Kamiti: Witness paints picture of prison break that brought Commissioner Ogallo down
| Nov 18th 2021 | 4 min read
It was a day of high drama at Magereza House offices yesterday afternoon when a contingent of officers stormed the prisons headquarters. The officers, in uniform and civilian wear, and under the command of Nairobi Area Head of Operations John Njoroge, arrived at around 4.30pm in a convoy of police cars.
They proceeded to the sixth floor, where Wycliffe Ogallo’s corner office is situated. Moments later, the officers emerged from the building with Ogallo sandwiched between them.
He was bundled into his official car and driven to the Directorate of Criminal Investigations (DCI) headquarters, escorted by Anti-Terror Police Unit officers and investigators.
A few minutes later, the second group of officers emerged from the same offices with Charles Mutembei, the commandant at Kamiti Maximum Security Prison.
He was whisked into a police car alongside another man said to be his aide, and also driven to DCI headquarters for questioning.
A short while before this, State House had sent out a statement replacing the prisons boss with Brigadier John Warioba, who was sworn in soon after.
“The appointment follows the briefing to the Head of State from the ministry responsible for Correctional Services regarding the security breaches that led to the escape of three inmates,” read the statement from State House Spokesperson Kanze Dena.
Before the decision to bundle Ogallo out of his office was reached, he was scheduled to address journalists together with the incoming prisons boss.
Interior CS Fred Matiang’i was also to appear at the briefing, but he did not show up following the change of events.
Last evening, National Police Service Spokesman Bruno Shioso issued a statement saying the police had not arrested Ogallo, but “only facilitated a smooth and seamless handover of office and escorted the former commissioner-general to his home.“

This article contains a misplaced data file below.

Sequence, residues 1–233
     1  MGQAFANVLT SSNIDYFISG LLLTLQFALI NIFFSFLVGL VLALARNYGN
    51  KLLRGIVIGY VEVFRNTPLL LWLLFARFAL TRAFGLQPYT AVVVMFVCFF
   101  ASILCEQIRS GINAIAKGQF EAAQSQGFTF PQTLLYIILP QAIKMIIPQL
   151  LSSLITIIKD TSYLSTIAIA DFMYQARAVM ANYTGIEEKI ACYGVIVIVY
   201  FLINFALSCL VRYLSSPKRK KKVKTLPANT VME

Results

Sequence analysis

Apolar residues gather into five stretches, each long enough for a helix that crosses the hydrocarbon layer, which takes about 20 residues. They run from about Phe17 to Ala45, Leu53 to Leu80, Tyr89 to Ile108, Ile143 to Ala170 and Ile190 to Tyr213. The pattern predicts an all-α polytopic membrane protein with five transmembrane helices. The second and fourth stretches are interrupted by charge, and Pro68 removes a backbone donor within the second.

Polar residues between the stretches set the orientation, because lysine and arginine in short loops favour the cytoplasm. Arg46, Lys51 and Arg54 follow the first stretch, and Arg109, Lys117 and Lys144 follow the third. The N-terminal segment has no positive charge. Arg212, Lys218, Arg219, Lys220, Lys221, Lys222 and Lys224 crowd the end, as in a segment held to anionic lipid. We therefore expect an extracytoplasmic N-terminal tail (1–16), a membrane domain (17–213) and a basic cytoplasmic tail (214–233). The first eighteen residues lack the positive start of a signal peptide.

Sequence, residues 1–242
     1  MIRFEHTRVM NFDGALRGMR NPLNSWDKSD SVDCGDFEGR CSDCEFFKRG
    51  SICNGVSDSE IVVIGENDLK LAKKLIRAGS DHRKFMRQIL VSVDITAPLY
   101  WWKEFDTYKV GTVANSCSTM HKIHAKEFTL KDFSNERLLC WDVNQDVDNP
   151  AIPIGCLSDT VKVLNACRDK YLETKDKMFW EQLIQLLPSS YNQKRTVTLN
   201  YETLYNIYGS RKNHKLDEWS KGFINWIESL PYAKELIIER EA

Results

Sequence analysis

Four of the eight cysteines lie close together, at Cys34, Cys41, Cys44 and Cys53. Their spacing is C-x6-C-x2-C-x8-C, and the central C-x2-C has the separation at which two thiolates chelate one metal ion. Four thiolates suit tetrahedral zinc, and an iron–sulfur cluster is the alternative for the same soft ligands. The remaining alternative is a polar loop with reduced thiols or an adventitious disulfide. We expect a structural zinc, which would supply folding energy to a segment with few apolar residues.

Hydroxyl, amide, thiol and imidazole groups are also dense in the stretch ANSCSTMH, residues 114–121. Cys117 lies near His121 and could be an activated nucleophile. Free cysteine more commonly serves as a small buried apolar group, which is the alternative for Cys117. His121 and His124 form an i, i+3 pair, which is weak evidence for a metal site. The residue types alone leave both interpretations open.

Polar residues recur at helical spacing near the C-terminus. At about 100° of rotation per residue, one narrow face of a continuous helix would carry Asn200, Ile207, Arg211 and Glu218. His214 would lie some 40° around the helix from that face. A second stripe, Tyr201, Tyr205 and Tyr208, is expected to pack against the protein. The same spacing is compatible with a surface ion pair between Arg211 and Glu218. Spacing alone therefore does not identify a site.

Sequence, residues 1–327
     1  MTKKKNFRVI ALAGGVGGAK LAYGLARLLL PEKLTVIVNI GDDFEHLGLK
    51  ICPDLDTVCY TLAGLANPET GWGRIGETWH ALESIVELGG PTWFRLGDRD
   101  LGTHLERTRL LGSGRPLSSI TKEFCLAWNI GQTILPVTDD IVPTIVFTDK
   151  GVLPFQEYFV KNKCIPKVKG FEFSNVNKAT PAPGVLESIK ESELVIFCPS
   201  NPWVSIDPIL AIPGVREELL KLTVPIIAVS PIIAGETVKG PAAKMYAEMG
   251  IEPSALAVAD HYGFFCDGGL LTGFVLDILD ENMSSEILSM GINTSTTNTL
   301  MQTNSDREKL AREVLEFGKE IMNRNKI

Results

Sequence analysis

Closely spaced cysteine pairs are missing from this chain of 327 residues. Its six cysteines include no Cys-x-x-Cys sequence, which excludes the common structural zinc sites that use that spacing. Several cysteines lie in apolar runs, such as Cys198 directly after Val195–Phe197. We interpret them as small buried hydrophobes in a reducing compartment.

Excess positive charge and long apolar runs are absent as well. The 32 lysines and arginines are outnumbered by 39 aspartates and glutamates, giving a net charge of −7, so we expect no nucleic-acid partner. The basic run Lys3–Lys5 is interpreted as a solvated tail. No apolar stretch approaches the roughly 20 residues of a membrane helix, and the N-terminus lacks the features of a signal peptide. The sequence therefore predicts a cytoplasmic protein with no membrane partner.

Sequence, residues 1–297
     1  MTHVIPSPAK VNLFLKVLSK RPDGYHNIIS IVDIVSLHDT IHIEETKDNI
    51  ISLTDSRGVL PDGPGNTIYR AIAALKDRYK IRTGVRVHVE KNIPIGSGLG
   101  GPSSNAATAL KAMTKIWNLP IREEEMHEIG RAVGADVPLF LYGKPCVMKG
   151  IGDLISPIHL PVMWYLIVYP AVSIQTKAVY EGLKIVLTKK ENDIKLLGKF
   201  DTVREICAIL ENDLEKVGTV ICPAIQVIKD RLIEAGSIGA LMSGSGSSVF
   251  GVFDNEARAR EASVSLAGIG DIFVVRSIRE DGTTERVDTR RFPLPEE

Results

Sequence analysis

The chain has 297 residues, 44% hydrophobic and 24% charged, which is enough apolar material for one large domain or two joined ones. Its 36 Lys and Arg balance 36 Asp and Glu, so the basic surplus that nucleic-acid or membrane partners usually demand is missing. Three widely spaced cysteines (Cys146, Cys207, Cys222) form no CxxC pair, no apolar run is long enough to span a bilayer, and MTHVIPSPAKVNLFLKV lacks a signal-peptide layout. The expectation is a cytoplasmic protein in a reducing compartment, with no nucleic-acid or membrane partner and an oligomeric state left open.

At the time of going to press, Ogallo and Mutembei were still at DCI headquarters.
These events unfolded on the day DCI officers uncovered the depth of laxity at Kamiti that made it possible for three terror convicts to escape. The officers pieced together a statement from a cellmate who was left behind.
The man, who is also incarcerated over terror-related activities, told the DCI the three fugitives broke out of the prison at around 1am on Sunday.
It was the culmination of a month of planning.
They created lumps under their blankets that duped prison guards into thinking that they were in there, asleep.
Wardens only learnt of the escape on Monday at around 10am.
It is believed that the convicts set up their escape route during routine maintenance work carried out in the cell block they were being held in. The three men climbed out of a hole in the wall.
The witness to the escape told officers he did not leave the prison because he was optimistic an appeal against his conviction, which is pending before the High Court in Nairobi, would succeed. Some investigators are, however, not convinced about his reasons for staying behind.
Speaking on condition of anonymity, as the details of the statement have not been released to the public, an investigator told The Standard that the man had an injury on his right hand, which would have made it difficult for him to scale the prison’s high walls.
Officers believe the drilling of the hole in the wall, which the three fugitives are believed to have used, may have started over a month ago, when some inmates in the masonry department were contracted to carry out maintenance work on Block 6A, where the three were being held.
No debris was recovered from outside or inside the cells when crime scene investigators arrived at Kamiti earlier this week.
At the time, the block received a facelift, with the cells repainted and white wallpaper added.
Police believe the fugitives knew of the structural gaps and exploited them to escape.
Investigators added that the three men used blankets to make a rope, which they anchored with broomsticks, to scale the prison’s walls. They further believe the escape could not have happened without the knowledge of some prison wardens.
DCI has placed a Sh60 million bounty on Joseph Odhiambo alias Yusuf, Musharaf Akhulunga alias Zarkawi, and Mohamed Abikar.
Odhiambo was convicted in 2019 of attempting to join the Al-Shabaab terror group. Akhulunga was arrested in 2012 over his role in a failed attack on Parliament, while Abikar was convicted in 2019 for abetting the 2015 Garissa University attack that killed 148 people.
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